MICHEL Platini has raised the spectre of the Heysel disaster and warned of a growing issue of hooligans and political fanatics taking control in football stadiums in Europe.
The UEFA president, who was on the pitch for Juventus at the European Cup final in Brussels 30 years ago when 39 people – mainly from the Italian club – died after rioting Liverpool fans charged Juve supporters causing a wall to collapse. Platini has called for tougher stadium bans and a European-wide sports police force.
Speaking at the UEFA Congress in Vienna, Platini said: “Europe is seeing a rise in nationalism and extremism the like of which we have not witnessed for a very long time.
“This insidious trend can also be observed in our stadiums, as football is a reflection of society. Given its popularity, our sport is a barometer for the ills of our continent. And that barometer is pointing to some worrying developments.
“I therefore renew my call for greater awareness of this issue among the public authorities, so that we can avoid reliving the dark days of a not-so-distant past – a past where hooligans and all manner of fanatics called the shots in certain European stadiums.
“In recent months, we have all been struck by certain images that I thought were a thing of the past. Some of us experienced that past at first hand. In my case, it was exactly 30 years ago … Nobody wants a repeat of such events.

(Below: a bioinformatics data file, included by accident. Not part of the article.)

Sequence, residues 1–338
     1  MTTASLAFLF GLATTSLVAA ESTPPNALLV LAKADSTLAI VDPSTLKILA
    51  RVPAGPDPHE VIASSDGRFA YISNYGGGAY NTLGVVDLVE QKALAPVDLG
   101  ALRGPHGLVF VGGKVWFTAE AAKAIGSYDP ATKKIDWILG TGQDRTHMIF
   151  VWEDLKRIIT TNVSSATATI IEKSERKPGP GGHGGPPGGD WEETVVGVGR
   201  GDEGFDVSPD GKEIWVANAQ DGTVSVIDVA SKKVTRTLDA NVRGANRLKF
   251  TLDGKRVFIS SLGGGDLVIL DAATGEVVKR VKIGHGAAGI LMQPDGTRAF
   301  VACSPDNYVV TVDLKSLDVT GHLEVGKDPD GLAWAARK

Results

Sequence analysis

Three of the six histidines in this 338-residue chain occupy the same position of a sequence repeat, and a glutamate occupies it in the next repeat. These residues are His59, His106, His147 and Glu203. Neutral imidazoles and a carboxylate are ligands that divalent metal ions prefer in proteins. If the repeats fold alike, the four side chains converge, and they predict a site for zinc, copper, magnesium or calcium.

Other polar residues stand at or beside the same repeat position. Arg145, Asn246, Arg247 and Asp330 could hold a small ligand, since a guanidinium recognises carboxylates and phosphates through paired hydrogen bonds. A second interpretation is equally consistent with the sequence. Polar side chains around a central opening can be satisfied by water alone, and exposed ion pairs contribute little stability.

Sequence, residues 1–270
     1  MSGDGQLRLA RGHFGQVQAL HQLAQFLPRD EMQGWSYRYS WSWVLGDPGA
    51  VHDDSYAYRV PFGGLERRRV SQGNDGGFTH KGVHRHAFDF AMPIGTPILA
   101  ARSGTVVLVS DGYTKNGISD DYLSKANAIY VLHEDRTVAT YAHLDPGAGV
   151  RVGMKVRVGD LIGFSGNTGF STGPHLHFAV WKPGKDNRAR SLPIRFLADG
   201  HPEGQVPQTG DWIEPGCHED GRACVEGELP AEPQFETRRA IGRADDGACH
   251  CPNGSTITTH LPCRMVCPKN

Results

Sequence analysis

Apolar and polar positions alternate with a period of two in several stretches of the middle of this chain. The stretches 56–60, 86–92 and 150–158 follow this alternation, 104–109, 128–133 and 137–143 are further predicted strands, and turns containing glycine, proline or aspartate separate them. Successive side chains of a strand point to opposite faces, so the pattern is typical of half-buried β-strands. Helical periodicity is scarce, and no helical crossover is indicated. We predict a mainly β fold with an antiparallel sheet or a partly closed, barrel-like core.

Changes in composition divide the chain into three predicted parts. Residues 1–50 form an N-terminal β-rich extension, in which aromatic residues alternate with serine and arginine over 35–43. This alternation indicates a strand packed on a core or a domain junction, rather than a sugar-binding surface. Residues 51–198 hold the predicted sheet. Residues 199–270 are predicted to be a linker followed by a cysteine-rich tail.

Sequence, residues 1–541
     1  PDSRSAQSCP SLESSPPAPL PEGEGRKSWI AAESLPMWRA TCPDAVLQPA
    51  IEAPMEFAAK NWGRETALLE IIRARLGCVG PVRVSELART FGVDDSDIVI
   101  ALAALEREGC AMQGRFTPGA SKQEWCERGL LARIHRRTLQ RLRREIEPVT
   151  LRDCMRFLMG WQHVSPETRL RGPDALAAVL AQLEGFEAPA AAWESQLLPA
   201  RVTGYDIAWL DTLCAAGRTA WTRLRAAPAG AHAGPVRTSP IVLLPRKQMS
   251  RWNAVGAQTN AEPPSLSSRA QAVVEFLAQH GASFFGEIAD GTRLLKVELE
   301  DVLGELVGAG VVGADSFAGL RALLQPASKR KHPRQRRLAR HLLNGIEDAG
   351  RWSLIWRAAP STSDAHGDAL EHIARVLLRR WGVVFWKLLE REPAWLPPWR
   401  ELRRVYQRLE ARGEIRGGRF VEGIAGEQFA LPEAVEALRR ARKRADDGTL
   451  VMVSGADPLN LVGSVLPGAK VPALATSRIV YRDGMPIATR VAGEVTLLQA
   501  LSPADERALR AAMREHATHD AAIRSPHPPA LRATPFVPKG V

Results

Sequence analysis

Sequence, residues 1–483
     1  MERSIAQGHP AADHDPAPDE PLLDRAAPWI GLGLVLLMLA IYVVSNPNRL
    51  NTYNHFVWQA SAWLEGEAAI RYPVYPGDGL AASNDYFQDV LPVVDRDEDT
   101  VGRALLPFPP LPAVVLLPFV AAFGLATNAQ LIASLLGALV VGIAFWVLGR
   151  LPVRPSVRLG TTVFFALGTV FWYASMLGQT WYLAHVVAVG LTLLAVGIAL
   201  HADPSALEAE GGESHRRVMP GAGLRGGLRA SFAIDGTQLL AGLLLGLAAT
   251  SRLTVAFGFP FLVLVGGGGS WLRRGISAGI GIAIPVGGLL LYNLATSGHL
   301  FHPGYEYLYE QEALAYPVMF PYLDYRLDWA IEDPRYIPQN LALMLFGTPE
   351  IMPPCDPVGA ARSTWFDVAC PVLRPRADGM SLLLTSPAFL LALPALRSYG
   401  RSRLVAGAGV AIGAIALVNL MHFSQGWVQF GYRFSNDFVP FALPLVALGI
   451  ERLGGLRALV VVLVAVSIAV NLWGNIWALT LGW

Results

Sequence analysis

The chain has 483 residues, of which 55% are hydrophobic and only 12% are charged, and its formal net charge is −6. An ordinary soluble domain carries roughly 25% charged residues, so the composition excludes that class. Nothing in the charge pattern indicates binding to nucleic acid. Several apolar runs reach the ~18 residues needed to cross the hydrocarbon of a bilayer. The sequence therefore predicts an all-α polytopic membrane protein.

“We need tougher stadium bans at European level and – I will say it again – the creation of a European sports police force.”
Platini also appeared to have a veiled dig at Sepp Blatter for deciding to run for a fifth term as FIFA president despite having said at the UEFA Congress four years ago that his fourth term would be his last.
Blatter then described himself as the “captain of the ship in troubled waters bringing in back on the right route”.
Platini, who is himself being re-elected unopposed for a third term, told UEFA delegates: “I regard myself as a simple team-mate – at most your captain. But not the captain of a ship that is being battered by a storm.”
Platini’s printed speech included the words “clinging to the helm for dear life” but he dropped that line when he delivered the speech, saying only: “No. I am simply the captain of a winning team – one that wins because it boasts 54 talented presidents and general secretaries who are prepared to play for each other.”
In his speech to the Congress on Tuesday, Blatter made no reference to standing again for FIFA president but once again urged football to resist calls to boycott to the 2018 World Cup in Russia due to its involvement in the civil war in Ukraine.
Blatter said: “Football shall be united, sport shall be united when it comes to boycotts because boycott has never given any results. We have to pay attention to political interferences. The autonomy of sport must be guaranteed.”